It has been a busy start to the year with lots of parish activities, lots of ministries, and… well… just lots of life. It is hard to believe that Ash Wednesday is this week marking the beginning of a penitential season for the faithful. I find that most of us have lost the core idea of “penance.” Most will answer that “penance” is the prayers and actions that the priest gives you at the end of the Sacrament of Confession. And indeed, that is true. But that is really just the “period at the end of a sentence.” The older, deeper meaning of penance might be better described as the period “at the end of chapter” in the story of one’s life.
The idea of penance is the same as conversion. In medieval Christianity they were synonyms. It is more of a spiritual practice or even a way of life in which one is in touch with God in one’s life. Connected to the Sacrament of Confession, we call it an examination of conscience. But it is also part of receiving Holy Eucharist. St. Paul tells us “A person should examine himself, and so eat the bread and drink the cup.” (1 Cor 11:28) The word “examine” (dokimazō) means to have been tested and found true or trustworthy. But examining one’s conscience or better yet, one’s life, is the way of asking am I true to this faith I proclaim when I say “I am a Christian.” A rabbi who taught one of our seminary classes remarked that, for a Christian, if one’s friends are surprised that you are one, then you have literally “taken the Lord’s name in vain.” Your friends have not seen you as true or trustworthy to your faith. That would certainly be an indication that you need conversion in one’s life – a time to turn the page of your “book of life” and begin a new chapter.
Examining one’s life, one’s conscience, is a tradition that goes back to the beginning of Christianity. It was a daily practice in the lives of early deacons and priests and those living a monastic life, such as the hermit St. Anthony, who was said to have examined his conscience every night. St. Basil of Caesarea, St. Augustine of Hippo, St. Bernard of Clairvaux, and founders of religious orders generally made the examination of conscience a regular daily exercise of their followers. St. Bernard taught: “As a searching investigator of the integrity of your own conduct, submit your life to a daily examination. Consider carefully what progress you have made or what ground you have lost. Strive to know yourself. Place all your faults before your eyes. Come face to face with yourself, as though you were another person, and then weep for your faults.”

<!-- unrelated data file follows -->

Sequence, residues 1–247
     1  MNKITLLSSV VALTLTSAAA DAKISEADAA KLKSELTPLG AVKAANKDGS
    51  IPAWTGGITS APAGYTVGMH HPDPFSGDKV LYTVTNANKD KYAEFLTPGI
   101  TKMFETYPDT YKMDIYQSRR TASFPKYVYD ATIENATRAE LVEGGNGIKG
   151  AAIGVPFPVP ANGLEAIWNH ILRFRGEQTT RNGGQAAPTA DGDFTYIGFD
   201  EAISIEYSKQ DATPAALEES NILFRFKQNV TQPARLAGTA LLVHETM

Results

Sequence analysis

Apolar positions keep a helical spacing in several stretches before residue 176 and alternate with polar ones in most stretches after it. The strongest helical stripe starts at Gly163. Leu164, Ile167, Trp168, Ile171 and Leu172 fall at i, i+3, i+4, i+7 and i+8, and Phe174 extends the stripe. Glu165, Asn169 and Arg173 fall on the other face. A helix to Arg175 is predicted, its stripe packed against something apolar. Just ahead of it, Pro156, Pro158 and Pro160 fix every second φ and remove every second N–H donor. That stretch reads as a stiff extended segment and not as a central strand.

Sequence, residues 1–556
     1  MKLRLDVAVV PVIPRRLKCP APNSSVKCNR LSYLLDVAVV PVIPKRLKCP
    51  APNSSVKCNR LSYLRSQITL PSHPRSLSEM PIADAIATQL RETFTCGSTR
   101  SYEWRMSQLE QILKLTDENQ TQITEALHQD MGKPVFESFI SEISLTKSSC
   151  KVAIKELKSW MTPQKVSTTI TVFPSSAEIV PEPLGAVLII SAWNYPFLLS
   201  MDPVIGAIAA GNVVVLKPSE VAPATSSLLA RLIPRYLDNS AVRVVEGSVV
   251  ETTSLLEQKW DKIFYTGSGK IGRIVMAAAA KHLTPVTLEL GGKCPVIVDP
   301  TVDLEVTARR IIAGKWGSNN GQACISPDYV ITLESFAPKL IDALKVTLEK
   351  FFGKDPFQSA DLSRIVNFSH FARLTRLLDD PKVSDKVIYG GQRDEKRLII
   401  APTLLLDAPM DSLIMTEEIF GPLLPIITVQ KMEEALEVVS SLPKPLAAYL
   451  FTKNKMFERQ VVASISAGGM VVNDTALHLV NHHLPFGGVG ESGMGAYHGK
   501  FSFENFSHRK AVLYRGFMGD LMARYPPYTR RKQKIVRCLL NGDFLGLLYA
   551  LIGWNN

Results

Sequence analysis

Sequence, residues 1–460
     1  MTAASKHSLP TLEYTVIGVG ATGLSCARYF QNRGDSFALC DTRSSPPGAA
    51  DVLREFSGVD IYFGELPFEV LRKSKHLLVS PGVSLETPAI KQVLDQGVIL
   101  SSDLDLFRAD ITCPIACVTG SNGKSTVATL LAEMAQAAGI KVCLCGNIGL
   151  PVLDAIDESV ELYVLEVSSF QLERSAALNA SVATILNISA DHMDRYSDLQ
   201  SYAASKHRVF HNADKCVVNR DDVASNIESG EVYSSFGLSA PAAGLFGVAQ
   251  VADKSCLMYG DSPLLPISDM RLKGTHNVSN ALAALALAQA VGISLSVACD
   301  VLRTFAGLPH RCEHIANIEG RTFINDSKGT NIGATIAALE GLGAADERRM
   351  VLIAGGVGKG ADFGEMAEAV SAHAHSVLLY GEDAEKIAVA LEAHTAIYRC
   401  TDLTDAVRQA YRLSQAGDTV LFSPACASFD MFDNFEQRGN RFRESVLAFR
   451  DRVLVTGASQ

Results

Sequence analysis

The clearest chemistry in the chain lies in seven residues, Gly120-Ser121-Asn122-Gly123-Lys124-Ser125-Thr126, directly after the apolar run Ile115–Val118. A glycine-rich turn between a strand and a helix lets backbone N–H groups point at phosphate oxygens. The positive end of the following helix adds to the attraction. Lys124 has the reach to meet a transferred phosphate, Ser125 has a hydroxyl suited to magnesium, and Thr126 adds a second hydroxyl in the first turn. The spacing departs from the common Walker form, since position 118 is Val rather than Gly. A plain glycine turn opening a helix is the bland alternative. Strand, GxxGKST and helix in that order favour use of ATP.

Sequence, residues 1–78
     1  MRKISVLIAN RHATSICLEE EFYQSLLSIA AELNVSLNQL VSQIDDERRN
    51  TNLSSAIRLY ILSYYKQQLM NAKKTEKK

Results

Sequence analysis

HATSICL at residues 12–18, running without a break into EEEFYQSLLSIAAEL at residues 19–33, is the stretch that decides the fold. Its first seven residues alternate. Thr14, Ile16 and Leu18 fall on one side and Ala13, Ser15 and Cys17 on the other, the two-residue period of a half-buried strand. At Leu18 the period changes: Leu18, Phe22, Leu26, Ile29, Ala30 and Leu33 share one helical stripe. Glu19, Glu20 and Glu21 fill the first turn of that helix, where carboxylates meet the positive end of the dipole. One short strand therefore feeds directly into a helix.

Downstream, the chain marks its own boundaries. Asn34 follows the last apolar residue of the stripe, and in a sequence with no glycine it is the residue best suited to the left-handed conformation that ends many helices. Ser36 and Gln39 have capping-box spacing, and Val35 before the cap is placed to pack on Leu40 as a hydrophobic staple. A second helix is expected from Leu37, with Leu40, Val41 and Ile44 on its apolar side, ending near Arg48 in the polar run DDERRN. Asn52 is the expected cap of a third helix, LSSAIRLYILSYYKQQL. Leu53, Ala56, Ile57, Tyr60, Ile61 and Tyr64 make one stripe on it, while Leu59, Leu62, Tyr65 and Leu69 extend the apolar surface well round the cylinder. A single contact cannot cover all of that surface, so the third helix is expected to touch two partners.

One of the well-known spiritual practices is from the founder of the Jesuits, St. Ignatius of Loyola. His Spiritual Exercises contains five points in the daily reflection or Examen. In the first point, followers thank God for the benefits received; in the second, they ask grace to know and correct our faults; in the third, they pass in review the successive hours of the day, noting what faults they have committed in deed, word, thought, or omission; in the fourth, they ask God’s pardon; in the fifth, they purpose amendment. Done on a daily basis, one begins to see the fruit of the Examen, prayer, and God’s grace, and the amendment become firm and a life moves closer to God.
In the past I have used this space to ask the basic question: “How will you make space for God in your life this Lent.” This Lent maybe my question is, “When you make space for God in your life this Lent, how do you plan to take advantage of the space?” The basic outline of the Examen is a great place to start. You can make it as formal as an appointed hour in a quiet space (light a candle if you want) or you can make it while you brush your teeth. Lots of electric toothbrushes have a 30-second tone to remind you to move to a different quadrant of your mouth – use the tone to move through the Examen. Ideal? No, but it’s a start! And is the first step into a new chapter of your life with God.